Where a company is in a precarious financial position, the directors:

  • have a continuing obligation to monitor the performance and prospects of their company;
  • will have a reasonable time to decide what course of action they will take;
  • should obtain independent advice when the company is near-insolvent;
  • should recognise the long-term strategy of trading while balance sheet insolvent is generally not acceptable;
  • will have a standard of reasonableness attached to their decisions, which involves business judgement;[4]
  • can only rely on assurances of financial support from shareholders of other companies if they are legally, and practically enforceable;
  • will be held to a higher standard if they are directors of complex companies;
  • if continuing to trade, must have a sound strategy; and
  • should protect creditors.

The Supreme Court outlined a policy which recognises that when a company is insolvent (or near insolvent), its creditors have at least a significant economic stake in its affairs.[5] The Supreme Court found there had been net deterioration under section 135 and new debt losses under section 136. This meant the Supreme Court followed the Court of Appeal and did not award losses for the section 135 breach, but did for the section 136 breach. The quantification was the loss those creditors suffered.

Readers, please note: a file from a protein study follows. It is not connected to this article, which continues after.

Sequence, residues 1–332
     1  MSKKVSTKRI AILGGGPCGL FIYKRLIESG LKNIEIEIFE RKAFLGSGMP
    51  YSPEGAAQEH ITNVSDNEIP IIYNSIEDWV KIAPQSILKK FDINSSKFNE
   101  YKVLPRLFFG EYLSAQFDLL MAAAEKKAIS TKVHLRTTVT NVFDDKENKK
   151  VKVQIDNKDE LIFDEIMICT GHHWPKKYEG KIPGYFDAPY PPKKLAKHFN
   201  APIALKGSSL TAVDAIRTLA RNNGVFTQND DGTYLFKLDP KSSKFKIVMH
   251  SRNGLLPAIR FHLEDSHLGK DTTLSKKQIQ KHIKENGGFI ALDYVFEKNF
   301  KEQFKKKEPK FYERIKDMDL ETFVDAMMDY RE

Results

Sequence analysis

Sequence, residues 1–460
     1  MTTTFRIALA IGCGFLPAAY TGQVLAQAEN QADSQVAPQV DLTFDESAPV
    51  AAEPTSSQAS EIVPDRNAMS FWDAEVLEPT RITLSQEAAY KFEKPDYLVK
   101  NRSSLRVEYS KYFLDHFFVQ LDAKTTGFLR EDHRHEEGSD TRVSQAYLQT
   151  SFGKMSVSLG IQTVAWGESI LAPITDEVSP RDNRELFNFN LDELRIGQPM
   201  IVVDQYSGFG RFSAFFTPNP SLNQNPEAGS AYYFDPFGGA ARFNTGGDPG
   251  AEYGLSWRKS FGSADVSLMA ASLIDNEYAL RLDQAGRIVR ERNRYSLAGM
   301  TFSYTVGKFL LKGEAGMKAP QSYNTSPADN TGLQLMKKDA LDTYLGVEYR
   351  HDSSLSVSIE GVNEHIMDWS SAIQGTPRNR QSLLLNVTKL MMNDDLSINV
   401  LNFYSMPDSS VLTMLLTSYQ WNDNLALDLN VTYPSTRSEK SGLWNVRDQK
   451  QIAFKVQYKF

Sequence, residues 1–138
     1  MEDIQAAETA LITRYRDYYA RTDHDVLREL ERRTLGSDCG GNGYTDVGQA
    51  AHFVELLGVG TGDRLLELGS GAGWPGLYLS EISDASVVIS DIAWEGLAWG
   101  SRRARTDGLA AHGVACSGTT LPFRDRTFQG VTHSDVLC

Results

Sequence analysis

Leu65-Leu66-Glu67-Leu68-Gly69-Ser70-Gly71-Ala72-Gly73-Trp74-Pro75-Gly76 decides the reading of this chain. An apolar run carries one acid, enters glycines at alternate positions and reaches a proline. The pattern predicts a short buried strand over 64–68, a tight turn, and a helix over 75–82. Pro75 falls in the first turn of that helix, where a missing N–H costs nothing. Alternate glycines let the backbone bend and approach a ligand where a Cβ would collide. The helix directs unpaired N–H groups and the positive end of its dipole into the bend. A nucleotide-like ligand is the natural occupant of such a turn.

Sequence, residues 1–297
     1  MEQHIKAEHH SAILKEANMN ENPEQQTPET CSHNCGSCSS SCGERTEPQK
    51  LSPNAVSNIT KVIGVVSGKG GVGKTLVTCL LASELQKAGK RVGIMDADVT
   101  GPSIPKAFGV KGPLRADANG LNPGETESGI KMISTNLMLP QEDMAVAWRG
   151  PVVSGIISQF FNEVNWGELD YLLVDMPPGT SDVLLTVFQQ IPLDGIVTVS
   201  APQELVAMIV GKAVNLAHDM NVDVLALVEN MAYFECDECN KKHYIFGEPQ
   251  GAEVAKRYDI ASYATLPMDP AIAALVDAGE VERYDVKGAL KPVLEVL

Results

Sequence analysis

Under section 301 the Court has a discretion to enable a response to be crafted to suit the circumstances of the dispute. A factor focused on by the Court as between the directors was culpability. Mr Yan was found liable for the full amount of $39.8 million plus interest while the liability of the remaining directors was limited to $6.6 million each plus interest.

Conclusion

The Supreme Court has helped identify where the balance lies in New Zealand for the protection of creditors and directors trying to rescue a company. It draws the boundary between legitimate risk taking and abuse of management powers at the expense of creditors.

 

 

[1] Yan v Mainzeal Property and Construction Limited [2023] NZSC 113 at [3].

[2] Yan v Mainzeal Property and Construction Limited [2021] NZCA 99, [2021] 3 NZLR 598; applying Madsen-Ries (as liquidators of Debut Homes Ltd (in liq)) v Cooper [2020] NZSC 100, [2121] 1 NZLR 43.

[3] Yan, above n 2, at [531] and [536].

[4] Yan, above n 1, at [273].

[5] Yan, above n 1, at [198].